Periodic aerated treatment and in-situ bioremediation strategies for polyhalogenated compounds
Abbreviated Journal Title
periodic aerated anaerobic batch reactor; PAABR; alternating; anaerobic-aerobic in-situ; bioremediation strategy; highly halogenated; compounds; DNAPLs; GRANULAR SLUDGE; OXYGEN; Engineering, Environmental; Environmental Sciences; Water Resources
Polyhalogenated compounds are known to resist aerobic degradation but are subject to anaerobic reductive dehalogenation. The anaerobic biotransformation often result in the accumulation of toxic and carcinogenic compounds. An example is the production of trichloroethylene (TCE), cis-1,2-dichloroethylene (cDCE), trans-1,2-dichloroethylene (tDCE), 1,1-dichloroethylene (1,1-DCE) and vinyl chloride (VC), from anaerobic dechlorination of tetrachloroethylene (PCE). However, the anaerobic dehalogenation products are known to be susceptible to aerobic methanotrophic oxidative mineralization. Therefore, the treatment of polyhalogenated compounds and field remediation of sites contaminated by these compounds involve anaerobic biotransformation followed by aerobic mineralization;, As opposed to two stage treatment and remediation which involve anaerobic environment followed by an aerobic environment in two separate systems or environments, recent focus on the detoxification of polyhalogenated compounds involve the development of engineering systems which can accomplish anaerobic biotransformation and aerobic oxidative mineralization in a single reaction environment. Periodic aerated anaerobic batch systems, including systems far ex-situ and in-situ biodetoxification of polyhalogenated compounds are being developed at San Jose State University under the direction of Dr Udeme J. Ndon. These systems and results of preliminary studies are presented in this report. Results of the preliminary experiments showed minimum accumulation of PCE biotransformation products in comparison to strict anaerobic conditions. Results also show that PCE degradation may have occurred during the transition between anaerobiosis and aerobiosis. (C) 1999 Elsevier Science Ltd. Ail rights reserved.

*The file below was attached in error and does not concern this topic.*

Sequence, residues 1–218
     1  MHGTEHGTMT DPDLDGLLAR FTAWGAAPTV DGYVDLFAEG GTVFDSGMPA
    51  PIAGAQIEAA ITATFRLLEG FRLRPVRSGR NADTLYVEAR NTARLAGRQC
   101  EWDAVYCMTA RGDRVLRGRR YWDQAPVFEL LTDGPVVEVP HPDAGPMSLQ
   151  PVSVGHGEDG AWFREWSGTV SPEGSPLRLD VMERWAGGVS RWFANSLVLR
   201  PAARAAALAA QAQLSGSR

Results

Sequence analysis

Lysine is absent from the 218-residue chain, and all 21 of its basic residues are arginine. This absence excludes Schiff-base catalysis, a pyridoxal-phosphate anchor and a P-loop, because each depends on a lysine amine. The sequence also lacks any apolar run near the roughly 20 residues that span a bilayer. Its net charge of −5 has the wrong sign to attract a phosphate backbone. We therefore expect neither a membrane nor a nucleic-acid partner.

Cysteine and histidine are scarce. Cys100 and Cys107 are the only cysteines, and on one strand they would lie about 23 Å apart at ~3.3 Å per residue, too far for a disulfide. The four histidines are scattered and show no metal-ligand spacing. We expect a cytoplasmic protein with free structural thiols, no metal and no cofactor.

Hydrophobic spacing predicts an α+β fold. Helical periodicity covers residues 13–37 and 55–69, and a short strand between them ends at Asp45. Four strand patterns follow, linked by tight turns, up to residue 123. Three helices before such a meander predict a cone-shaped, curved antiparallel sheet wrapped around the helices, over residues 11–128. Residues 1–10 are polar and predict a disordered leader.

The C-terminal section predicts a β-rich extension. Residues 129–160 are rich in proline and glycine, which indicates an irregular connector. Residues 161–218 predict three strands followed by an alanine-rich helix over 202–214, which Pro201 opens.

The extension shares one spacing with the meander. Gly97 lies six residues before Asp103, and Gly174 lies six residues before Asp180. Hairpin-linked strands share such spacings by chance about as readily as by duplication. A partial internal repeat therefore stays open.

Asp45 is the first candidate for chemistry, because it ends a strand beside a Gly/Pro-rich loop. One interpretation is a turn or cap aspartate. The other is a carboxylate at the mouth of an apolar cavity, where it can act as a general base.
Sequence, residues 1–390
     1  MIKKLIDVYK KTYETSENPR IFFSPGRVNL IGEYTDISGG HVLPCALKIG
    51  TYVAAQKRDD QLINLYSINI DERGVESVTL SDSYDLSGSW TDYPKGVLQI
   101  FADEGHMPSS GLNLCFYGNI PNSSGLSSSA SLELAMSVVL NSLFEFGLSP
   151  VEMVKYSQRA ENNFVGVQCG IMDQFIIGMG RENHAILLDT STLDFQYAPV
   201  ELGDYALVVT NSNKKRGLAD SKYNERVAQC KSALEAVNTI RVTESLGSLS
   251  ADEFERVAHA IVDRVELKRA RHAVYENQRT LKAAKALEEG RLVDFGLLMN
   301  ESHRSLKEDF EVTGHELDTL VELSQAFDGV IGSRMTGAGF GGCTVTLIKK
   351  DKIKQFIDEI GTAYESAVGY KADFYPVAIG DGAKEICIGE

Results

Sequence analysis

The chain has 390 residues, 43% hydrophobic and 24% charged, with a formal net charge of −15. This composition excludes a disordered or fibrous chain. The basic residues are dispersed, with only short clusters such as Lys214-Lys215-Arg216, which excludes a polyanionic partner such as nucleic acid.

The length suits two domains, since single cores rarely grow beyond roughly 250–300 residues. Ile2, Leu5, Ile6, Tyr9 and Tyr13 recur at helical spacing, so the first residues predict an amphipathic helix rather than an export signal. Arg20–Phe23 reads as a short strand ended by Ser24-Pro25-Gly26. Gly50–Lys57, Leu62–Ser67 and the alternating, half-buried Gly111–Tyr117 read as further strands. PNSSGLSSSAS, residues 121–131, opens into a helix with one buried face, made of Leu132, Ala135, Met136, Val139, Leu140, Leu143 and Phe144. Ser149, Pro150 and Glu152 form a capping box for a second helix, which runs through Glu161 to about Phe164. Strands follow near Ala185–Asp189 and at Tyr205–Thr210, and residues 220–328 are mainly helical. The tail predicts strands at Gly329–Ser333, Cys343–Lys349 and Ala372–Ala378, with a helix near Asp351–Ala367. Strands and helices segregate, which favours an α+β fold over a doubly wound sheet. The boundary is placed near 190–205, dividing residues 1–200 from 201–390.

"Periodic aerated treatment and in-situ bioremediation strategies for polyhalogenated compounds" (1999). Faculty Bibliography 1990s. 2763.